In other words, mindfulness helps you stick to your workout routine and show up for more practice. Experts say it makes perfect sense: the second you understand the real goals of your workout, and you feel the changes in your body and mind, you will enjoy the results even more.
Now that we have seen the main benefits of mindfulness at the gym let’s look at how we can implement mindfulness in our fitness and workout routines!
How to Practice Mindfulness at the Gym
It will take you some training, but we are sure you will get the hang of it in no time. It all begins with setting the goals.
1. Set a Goal for Each Workout Session
We either want to lose weight or we want to boost our health through fitness training, but such goals are too general and too vague to work on in a mindfulness session. Instead, break down some purposes for each workout. You should pick attainable and satisfactory short-term goals, to keep you motivated and happy. Let’s see some examples:
- I will focus on my core muscles and perform the exercises right;
- I will burn X number of calories today;
- I am going to focus on muscle strength training for the rest of the session.
Some fitness specialists say you should set such smaller goals before you even reach the gym. If you are paying attention to them and playing with them in your mind, by the time you start working out, you will know exactly why you are there and what you have to do.
2. Return to the Reasons why You Exercise
Stress and worries govern every aspect of our lives. Oftentimes people feel they waste their time at the gym when they could be solving other more pressing problems instead. Some even allow their minds to wander to current work or life problems, which in turn stresses them even more.
When you notice yourself rushing through exercises, wondering when the session is over, or glimpsing at your watch, then stop and remember why you are there.
- The exercise is a priority for me because I want to improve my health;
- I work out because I want to start the work day with more energy and a better mood;
- I work out to stay in shape and lose weight;
- I exercise because I want to feel good about myself.
Your reasons are your own. Just remember to go back to them every time you feel you strayed.
3. Connect to Your Body
While you exercise, pay attention to each muscle in tension, each breath you take, and to each position, form, or ache your body experiences. Take your time to observe all the changes you go through while you work out, including your feelings. It is not a secret that physical exercise boosts our mood, but be mindful of how you experience such changes.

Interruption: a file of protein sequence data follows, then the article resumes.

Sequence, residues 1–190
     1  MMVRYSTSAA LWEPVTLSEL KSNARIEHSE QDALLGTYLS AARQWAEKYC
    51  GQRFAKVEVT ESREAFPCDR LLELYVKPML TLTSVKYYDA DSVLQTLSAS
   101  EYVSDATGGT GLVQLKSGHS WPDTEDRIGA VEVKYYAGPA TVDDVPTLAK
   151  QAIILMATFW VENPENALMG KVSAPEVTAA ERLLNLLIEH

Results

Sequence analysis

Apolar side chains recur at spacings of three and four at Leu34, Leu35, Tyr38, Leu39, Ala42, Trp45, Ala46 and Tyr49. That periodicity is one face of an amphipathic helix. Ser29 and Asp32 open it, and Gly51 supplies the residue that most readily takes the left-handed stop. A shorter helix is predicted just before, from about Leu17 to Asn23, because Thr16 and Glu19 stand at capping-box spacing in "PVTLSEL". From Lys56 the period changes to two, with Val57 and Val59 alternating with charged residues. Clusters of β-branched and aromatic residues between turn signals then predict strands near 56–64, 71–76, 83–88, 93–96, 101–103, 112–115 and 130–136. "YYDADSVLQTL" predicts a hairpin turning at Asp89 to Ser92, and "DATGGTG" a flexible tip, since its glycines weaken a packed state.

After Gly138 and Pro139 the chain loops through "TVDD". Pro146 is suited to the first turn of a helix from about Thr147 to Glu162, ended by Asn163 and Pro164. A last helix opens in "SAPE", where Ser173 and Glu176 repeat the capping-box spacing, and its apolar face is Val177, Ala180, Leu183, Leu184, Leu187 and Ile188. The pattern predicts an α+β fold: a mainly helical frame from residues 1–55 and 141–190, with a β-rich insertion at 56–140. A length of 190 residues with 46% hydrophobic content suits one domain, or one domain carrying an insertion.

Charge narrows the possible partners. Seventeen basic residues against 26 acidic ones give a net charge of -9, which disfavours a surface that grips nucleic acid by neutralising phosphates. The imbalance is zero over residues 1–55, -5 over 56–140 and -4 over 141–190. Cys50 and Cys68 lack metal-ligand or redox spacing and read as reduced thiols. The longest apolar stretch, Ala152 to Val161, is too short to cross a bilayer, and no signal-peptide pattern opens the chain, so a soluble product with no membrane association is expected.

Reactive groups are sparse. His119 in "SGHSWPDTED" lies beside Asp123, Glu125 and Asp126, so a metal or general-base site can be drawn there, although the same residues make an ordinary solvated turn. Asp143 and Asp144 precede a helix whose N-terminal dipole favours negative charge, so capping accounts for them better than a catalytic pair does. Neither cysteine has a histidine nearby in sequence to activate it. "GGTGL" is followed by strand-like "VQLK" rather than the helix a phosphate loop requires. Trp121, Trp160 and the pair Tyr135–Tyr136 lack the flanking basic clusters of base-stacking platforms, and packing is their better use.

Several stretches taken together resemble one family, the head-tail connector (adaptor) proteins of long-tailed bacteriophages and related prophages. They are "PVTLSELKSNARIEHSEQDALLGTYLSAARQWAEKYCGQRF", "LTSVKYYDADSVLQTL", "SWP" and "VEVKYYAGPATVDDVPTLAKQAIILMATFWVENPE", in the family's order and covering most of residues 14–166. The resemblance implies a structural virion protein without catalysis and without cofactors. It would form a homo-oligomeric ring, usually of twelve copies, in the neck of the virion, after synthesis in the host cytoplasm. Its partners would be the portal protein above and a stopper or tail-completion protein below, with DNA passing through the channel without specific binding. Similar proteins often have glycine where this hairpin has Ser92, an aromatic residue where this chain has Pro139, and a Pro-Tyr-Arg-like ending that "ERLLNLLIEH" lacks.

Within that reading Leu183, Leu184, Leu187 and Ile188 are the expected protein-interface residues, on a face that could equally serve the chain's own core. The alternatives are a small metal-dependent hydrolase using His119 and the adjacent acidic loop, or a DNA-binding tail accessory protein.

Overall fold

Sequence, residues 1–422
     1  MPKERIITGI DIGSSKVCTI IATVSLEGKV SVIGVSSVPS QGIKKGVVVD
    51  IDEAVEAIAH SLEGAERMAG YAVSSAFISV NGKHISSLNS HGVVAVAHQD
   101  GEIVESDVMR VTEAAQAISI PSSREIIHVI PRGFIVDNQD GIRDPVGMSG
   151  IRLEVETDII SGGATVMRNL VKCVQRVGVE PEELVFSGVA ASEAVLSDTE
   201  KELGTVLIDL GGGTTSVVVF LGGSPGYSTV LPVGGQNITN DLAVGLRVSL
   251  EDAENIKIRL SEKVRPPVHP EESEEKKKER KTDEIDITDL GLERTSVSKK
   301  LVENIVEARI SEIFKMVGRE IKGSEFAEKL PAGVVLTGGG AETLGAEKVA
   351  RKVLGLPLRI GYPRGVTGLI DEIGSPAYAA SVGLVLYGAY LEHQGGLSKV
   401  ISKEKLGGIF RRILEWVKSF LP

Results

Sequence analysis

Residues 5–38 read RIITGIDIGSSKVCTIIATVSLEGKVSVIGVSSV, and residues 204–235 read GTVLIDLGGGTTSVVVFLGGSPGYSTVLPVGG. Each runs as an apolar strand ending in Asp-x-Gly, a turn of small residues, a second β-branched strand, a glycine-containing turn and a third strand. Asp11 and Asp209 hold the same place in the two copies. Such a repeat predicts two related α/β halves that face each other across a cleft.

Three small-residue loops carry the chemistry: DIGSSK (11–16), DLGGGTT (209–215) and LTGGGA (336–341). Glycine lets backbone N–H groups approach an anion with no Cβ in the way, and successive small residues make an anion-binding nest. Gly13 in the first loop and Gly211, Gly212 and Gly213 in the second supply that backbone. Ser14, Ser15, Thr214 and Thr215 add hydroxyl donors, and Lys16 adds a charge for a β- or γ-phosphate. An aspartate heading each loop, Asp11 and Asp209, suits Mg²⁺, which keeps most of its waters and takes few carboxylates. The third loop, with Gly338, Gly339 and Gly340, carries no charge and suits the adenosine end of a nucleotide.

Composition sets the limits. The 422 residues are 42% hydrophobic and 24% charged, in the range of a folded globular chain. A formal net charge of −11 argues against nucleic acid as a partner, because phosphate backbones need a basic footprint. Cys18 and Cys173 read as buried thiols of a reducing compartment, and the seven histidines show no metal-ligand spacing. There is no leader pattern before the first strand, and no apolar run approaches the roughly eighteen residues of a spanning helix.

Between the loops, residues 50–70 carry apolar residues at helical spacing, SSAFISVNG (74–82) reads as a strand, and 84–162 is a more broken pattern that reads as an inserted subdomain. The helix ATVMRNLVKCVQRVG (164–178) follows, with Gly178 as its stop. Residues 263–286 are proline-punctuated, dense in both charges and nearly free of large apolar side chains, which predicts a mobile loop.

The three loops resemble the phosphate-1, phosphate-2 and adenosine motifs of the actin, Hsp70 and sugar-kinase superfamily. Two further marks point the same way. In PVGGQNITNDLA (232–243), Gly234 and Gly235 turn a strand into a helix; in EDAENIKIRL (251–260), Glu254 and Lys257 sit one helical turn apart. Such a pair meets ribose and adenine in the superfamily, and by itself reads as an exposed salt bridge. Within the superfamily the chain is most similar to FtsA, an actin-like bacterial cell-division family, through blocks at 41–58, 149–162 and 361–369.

Before you begin any exercise, take note of your mood and energy levels and watch them with your inner eye as they transform and evolve. Be mindful of your heart rate, of your perspiration levels, of any pain you might feel. As we said above, besides avoiding injuries, you will be better at understanding what your body can do and what it tells you.
4. Cool Down at the End
Take note of your energy level and mood now that you have finished the workout session. How do you feel?
Allow yourself some time to cool down, stretch your body, breathe, and think about the changes that you have been through. Allow your muscles to relax while you check if you have reached your goals for the day. Take note of how you feel the workout’s effects on your body and soul.
Practice some gratefulness that you have managed to travel one step closer to your goals and even celebrate the changes by offering yourself a symbolic reward for the hard work you have done.
Just like meditation, mindfulness takes practice. Nevertheless, once you manage it, there is no stopping you to turn it into a lifestyle and implement it in all aspects of your life. Good luck!
This post was written by Barry Clarke. He is a fitness instructor with a degree in Human Nutrition. After work is done, he finds happiness and relaxation in writing. He is an editor at ProtectYourHealth, a blog that aims to be an important resource on topics like diets and workouts.